Excitement. Tomorrow is the beginning of the new non-league season. I’ve made my plans already and will, all things being well, be putting up a post ,relating to my excursion, during the week. In the meantime I have some more statistics to get out of my system; Again I’ve been looking at attendances, but this time I am looking at the impact of various factors on attendances on a match-by-match basis.
I have been messing around with a statistical technique known as regression analysis and for this analysis I have used data, obtained from www.football.co.uk, relating to attendances at Havant and Waterlooville stretching over two seasons; 2009/10 and 20010/11.
The factors I most wanted to look at were; Form, Day of the week, Local derbies and the ‘pulling power’ of the opposition.
Putting all the data into the regression model I obtained the following output:
- Adjusted R Squared = 30
- Intercept = 544.2
- Derby = 189.7*
- Win Ratio = 281.3
- Weekday = -150*
- Opponent Average = 0.16
(*) = significant at 5% level
Don’t worry too much about what these figures mean at this stage – all will be explained in due course! The first figure, the adjusted R square, refers to how much of the variation in attendances the model as a whole explains. In this case it is 0.30 so we can say that the model explains 30% of the variations in attendances with 70% being down to other, unknown, factors which lie beyond the model.
Then we have the intercept – this a figure relating to what attendances are if all the factors in the analysis = 0. This figure does not always necessarily make sense as often in reality some factors will always be greater than 0. But what we do with this figure is add the coefficients to it
The next set of figures are the coefficient’s. These refer to how much difference each factor I have included in the model makes when all other factors remain constant. In just a moment I will look at the factors I have looked at in more detail.
Finally, significance refers to how sure we can be that the results haven’t occurred by chance. A generally accepted standard for this is the 5% level – if this is not met then we can’t be reasonably sure the results are due to chance.
To measure form I calculated a ‘win’ ratio of the previous 5 games – where a draw would count also as half a win – so if out of the last 5 games there had been 2 wins and two draws this would be 1 + 1 + 0.5 + 0.5 divided by 5 which would = 0.6
If we look at the above graph we can see the relationship between attendance and form over the two seasons in question and to me there certainly appears to be something going on.
The coefficient is 281.3 So this means that if all 5 games have been won then we can expect 281.3 people to show up as opposed to if all 5 games had been lost in which case it would be 0. If on the other hand we had 2 wins and 3 losses we would be looking at 112.5. If it were 3 wins out of the last five? That would be 168.8 – so in that case an extra win would mean an additional 56.3 people could be expected at the ground.
It is important to note however that the coefficient is not statistically significant. This could be because we don’t have enough data, or that the measure of ‘form’ used is not as good as another measure such as goals scored, or form over the lats 10 home games, or some-such thing.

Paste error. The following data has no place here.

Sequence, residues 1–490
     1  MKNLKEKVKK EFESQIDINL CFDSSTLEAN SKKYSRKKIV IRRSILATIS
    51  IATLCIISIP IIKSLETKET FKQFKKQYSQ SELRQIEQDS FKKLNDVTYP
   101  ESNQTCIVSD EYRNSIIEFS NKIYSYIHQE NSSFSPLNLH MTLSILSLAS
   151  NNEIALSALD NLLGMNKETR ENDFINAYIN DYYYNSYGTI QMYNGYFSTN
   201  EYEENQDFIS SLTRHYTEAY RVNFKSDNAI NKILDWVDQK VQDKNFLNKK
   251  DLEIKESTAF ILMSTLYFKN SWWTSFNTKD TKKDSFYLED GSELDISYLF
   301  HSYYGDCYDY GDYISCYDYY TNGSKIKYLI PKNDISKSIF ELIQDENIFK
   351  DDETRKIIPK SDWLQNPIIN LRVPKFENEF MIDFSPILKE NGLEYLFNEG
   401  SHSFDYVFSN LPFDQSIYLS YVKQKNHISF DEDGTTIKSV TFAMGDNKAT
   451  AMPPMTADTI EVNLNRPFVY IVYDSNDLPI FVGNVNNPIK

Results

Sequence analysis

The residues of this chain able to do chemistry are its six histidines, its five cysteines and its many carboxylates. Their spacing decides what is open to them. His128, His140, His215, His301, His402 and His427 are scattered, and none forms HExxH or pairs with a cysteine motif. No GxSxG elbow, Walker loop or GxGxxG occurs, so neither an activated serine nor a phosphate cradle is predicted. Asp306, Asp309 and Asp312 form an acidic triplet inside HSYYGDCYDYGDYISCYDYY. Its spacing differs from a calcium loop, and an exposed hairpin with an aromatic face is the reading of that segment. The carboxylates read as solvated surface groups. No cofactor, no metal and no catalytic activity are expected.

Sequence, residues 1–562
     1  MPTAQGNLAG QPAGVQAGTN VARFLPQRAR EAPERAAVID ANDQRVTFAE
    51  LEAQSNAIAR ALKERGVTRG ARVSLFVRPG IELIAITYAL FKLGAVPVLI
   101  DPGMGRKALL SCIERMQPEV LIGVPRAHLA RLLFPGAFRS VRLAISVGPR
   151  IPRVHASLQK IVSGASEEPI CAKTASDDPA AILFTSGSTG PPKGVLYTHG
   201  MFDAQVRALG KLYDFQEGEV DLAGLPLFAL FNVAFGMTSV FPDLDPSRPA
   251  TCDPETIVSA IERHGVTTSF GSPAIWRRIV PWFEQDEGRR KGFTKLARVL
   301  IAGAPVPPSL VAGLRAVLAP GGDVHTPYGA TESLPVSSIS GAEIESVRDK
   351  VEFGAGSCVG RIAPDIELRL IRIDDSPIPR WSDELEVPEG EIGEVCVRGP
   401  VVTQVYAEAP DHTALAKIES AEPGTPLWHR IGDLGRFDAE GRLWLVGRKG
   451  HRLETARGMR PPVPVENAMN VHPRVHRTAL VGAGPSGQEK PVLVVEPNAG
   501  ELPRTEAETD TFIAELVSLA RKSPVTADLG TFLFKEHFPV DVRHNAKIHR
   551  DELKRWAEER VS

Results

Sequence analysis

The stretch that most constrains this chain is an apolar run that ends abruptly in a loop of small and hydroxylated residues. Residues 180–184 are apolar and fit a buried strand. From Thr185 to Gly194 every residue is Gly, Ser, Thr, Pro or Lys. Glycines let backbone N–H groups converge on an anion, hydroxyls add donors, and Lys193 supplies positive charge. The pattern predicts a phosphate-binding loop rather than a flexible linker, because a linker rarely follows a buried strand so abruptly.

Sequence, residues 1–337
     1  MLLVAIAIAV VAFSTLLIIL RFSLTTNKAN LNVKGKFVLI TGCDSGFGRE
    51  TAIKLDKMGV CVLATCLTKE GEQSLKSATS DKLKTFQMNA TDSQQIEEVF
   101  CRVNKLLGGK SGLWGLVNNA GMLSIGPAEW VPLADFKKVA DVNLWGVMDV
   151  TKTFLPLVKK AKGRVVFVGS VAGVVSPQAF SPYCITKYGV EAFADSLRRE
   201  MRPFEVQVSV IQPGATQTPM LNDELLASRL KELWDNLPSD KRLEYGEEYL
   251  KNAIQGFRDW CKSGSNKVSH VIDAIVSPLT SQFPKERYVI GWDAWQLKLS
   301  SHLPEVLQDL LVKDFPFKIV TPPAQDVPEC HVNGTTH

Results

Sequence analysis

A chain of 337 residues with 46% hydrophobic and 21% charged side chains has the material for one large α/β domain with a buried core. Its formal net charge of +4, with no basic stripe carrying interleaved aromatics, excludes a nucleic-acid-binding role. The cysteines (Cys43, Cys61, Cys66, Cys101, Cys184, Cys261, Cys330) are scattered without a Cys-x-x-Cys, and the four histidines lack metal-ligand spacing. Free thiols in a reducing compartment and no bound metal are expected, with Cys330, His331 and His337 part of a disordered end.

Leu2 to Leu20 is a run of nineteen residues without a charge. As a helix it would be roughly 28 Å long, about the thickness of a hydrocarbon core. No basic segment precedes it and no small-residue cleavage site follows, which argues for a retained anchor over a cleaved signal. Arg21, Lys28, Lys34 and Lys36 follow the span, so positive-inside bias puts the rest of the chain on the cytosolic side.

2.) Day of the week
Here I have distinguished between games played on weekends (Saturdays) and games played on weekdays. When all other factors are held constant a weekday game at Havant & Waterlooville can be expected to attract 150 less spectators than a game which is played on a Saturday. Unlike form this coefficient is statistically significant at the 5% level.
What constitutes a derby? Generally speaking it’s a case of proximity, but there are derbies and there are derbies – for example Southampton and Portsmouth is a more intense rivalry that Southampton and Bournemouth. In this analysis I have chosen county as the defining feature of a derby and designated a game as a derby when the opposition are, like Havant & Waterlooville, from Hampshire.
The coefficient was 189.7 meaning quite simply that, all other things held constant, derby games could be expected to attract this number of additional people. Over the two seasons H&W had 7 derby games with the biggest attendance in both seasons being for the game against Eastleigh; 1451 and 1020 respectively – in both cases the highest gate of the season. The coefficient, again, was also statistically significant at the 5% level
4.) Opposition pulling power
I have used the oppositions average attendance for the season in question as a measure of the drawing power of the opposition. The ‘Big’ teams in the league, those with the most drawing power, will tend to have a higher average and may also possess a larger travelling support. Though the coefficient seems small 0.16 what happens if an opponent has an average attendance of 1500? This translates into 240 spectators whereas an opponent who only averages 300 we would expect only an additional 48 spectators. this would suggest that bigger teams do mean higher crowds however we must be careful not to overstate this as this is not statistically significant.
Conclusions: I don’t like Monday’s, Tuesdays, Wednesdays, Thursdays, or Fridays.
The overall results seem to suggest what I expected to find; namely that attendances are higher, for derbies, weekend games, against bigger clubs and when the home team have been playing well. Whilst the results we have seen for the latter two may be due to chance – we can say with a high degree of certainty that the first two do have an impact.
So to increase their attendances clubs need to a.) Cultivate local rivalries b.) Avoid weekday matches as much as possible c.) maintain a winning run and d.) play against opponents who themselves attract big crowds.